One of the darkest signs for any company, especially one that handles credit card information, is the thought that even its own employees aren't safe from outside incursion. That's what happened at Microsoft (News - Alert). The company recently issued a statement confirming reports that "a handful of high-profile Xbox Live accounts held by current and former Microsoft employees." But perhaps more frightening is the means by which these accounts are being hacked.
According to the statement from Microsoft, the company revealed that it had become aware of a "group of attackers," who were using a variety of "stringed social engineering techniques" to carry out the hacking in question. Microsoft went on to describe its involvement with law enforcement, and how security was "of critical importance" to the company--the kind of things a reader would expect to see in a statement involving a hacker attack--but beyond the statement is where things start to get truly disturbing.
Recently, security researcher Brian Krebs found himself under attack, in a simultaneous cyber attack and a so-called "Swatting" measure--by which false information is given to an area police department, with the specific goal of eliciting the response of a full SWAT team--which led to some making some comparisons between the attacks on him and the attacks on the Microsoft accounts. Some have drawn a comparison between Krebs' attacks and his recent work on revealing the means by which some Microsoft accounts were being hacked, involving third-party sites that offer social security numbers for sale.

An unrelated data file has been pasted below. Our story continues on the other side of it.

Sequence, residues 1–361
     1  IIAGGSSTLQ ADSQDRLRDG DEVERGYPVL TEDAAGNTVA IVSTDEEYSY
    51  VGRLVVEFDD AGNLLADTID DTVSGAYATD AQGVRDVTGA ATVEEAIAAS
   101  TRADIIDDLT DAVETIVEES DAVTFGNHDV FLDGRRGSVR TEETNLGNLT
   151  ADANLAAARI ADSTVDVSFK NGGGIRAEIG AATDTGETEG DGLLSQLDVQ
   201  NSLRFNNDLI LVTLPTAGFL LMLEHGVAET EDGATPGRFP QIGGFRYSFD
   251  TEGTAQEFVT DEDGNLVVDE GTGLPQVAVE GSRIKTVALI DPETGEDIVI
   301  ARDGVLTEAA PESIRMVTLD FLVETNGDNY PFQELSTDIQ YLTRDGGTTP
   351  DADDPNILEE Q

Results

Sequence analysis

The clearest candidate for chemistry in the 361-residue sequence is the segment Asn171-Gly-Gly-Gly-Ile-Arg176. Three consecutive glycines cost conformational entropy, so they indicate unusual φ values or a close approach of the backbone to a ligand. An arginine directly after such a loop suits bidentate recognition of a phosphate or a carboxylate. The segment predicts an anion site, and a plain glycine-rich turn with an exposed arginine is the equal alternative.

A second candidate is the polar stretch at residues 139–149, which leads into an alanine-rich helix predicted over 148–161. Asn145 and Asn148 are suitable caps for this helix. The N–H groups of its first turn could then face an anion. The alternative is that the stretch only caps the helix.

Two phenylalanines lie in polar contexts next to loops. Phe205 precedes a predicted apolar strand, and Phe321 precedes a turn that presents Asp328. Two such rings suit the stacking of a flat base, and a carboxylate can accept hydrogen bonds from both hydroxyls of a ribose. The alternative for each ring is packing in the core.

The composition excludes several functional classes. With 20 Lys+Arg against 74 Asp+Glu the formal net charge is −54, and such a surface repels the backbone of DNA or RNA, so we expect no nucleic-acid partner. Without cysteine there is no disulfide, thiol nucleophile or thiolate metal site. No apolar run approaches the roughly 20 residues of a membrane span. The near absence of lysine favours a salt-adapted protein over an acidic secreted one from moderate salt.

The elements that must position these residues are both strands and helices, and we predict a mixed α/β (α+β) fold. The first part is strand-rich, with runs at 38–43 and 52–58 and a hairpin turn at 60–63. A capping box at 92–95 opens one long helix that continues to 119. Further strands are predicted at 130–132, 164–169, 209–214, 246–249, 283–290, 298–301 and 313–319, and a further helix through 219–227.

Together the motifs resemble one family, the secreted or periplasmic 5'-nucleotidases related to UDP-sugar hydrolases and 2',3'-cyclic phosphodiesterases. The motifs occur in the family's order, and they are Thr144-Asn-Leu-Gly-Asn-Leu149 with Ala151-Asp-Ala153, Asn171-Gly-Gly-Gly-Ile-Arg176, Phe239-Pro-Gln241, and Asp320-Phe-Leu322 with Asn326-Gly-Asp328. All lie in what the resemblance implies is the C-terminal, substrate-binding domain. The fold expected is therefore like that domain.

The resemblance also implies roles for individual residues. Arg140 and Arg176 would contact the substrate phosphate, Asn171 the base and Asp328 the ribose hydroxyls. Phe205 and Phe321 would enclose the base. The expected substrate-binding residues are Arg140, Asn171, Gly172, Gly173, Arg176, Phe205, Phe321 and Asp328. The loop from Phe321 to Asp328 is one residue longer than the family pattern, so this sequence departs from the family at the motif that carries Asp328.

Krebs himself, meanwhile, remembered the recent attack involving Wired reporter Mat Honan and discovered some parallels there, especially as related to a hacker that went by the name of Phobia. Even Ars Technica weighed in recently, suggesting that a denial-of-service attack it had suffered could possibly have been linked to Phobia.
But currently, Microsoft is directing users to standard security recommendations, though some note that these recommendations are currently led by "security proofs," some of which were actually recently found compromised. While Microsoft doesn't collect social security numbers in the standard run of business, the use of social security numbers to break into an account is all the more disturbing.
The loss of a social security number is dangerous enough under normal terms. Perhaps the worst part of the whole process is how little control over the matter the individual user would actually have; it is somewhat comforting to know that it required a multi-level breach of security across several sites to perform the hacking, but that's a comfort of the colder variety. Still, in the end, all we as regular people can really do is watch our bank and credit card statements and keep as tight a watch on our own information.
Edited by Brooke Neuman